‘What does Jio want?’ Frustrated analyst withdraws rating on Bharti Airtel

Jio cut the minimum rental to Rs 49

Kotak Institutional Equities has withdrawn its rating on Bharti Airtel, expressing concern about what exactly new entrant Reliance Jio is trying to achieve in the market with its relentless price cuts.

“What does Jio want,” asked analyst Rohit Chordia in his note withdrawing his rating on Bharti Airtel.

“Even as the company’s actions thus far are suggestive of a drive to domination and willingness to be as aggressive as it takes to get there, our challenge is to figure out what level of domination Jio is seeking to achieve,” the analyst said in a note to his clients.

In his note, he said investors in incumbent telecom operators like Bharti Airtel, Idea Cellular and Vodafone must ask themselves certain questions.

“(1) Is this fight even worth it anymore? (2) If yes, what is the fresh risk capital infusion needed to fight the fight? and (3) should they match Jio’s prices and risk further aggression or not match and lose subscribers?”

“They bleed in either case,” he concluded.

The analyst pointed out that Jio seems to be playing like a start-up. In start-up industries, it is not uncommon for a new player to run up massive losses in an attempt to corner a lion’s share of the market. As such, it has become difficult to predict Jio’s actions, and therefore, the fate of the others in the market, which is dependent on these actions.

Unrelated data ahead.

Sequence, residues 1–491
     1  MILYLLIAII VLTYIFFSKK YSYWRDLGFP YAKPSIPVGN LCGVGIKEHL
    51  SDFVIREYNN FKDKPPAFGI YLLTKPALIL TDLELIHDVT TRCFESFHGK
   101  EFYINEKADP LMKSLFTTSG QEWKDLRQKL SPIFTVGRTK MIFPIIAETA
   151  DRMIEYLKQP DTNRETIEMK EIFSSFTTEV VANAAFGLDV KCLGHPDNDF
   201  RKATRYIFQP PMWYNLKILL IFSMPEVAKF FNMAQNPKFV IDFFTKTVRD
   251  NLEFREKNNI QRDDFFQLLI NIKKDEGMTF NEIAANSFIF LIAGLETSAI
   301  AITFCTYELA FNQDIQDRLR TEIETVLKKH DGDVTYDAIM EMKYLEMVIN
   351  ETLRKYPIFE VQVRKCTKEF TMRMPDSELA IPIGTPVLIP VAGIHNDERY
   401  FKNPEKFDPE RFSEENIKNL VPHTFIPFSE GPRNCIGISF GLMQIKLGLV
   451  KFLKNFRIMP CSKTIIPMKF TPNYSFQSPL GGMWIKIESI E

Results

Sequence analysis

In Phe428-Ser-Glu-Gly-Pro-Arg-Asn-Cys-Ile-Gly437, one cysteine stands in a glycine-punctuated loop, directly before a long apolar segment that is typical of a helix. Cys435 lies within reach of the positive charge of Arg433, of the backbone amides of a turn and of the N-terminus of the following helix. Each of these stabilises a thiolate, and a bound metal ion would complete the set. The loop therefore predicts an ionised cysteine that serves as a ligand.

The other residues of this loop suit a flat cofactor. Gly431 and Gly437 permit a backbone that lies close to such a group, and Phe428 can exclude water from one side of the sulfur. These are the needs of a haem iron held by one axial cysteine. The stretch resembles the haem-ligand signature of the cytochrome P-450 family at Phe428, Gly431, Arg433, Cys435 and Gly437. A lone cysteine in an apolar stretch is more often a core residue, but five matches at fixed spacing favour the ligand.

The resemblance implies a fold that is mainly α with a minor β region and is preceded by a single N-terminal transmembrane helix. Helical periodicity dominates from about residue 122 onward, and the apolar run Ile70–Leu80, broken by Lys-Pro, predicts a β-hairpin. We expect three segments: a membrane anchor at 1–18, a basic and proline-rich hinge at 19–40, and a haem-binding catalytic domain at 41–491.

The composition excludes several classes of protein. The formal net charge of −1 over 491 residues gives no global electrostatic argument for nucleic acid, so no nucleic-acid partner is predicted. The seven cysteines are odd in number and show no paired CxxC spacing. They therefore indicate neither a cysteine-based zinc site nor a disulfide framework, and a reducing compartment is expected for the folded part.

“The company’s attempt to convert a traditional industry like wireless into a winner-takes-all construct has a startup feel to it that leaves us with no fair basis to value stocks like Bharti and Idea,” he said.

The analysts’ comments come in the wake of Jio slashing its 4G data price by around 50% over a period of around 15 days. While the first round of cuts was seen as an attempt to spur consumption on the network, the second round was seen as a reaction to the reaction of Bharti Airtel to the first round of cuts. Jio also reduced the minimum monthly rental for its consumers to Rs 49 from Rs 148.

Chodria said he can think of many many ways the market could evolve in the near future, depending on Jio’s appetite to burn cash, and its ultimate ambition.

The first scenario is a market where Jio is the dominant player. “Bharti is a sell in this scenario with a fair value much lower than CMP (current market price).”

The second scenario is that Jio puts Vodafone and Idea of business, and settles into a two-player market with Bharti. In such a case, Bharti’s stock price is worth far more than what the market is valuing it at present, he said.

“No longer comfortable with picking one (scenario), we move Bharti to NR (not rated),” he said.

The analyst also suggested that the incumbents should now seriously consider shutting down legacy technology like 2G, which cost more to run and therefore drag down their margins.

“This move would of course need the incumbents to rollout VOLTE on a war footing. Even if they don’t, we wonder if there is an economic case to keep the 2G networks running if the JioPhone sees even modest success.”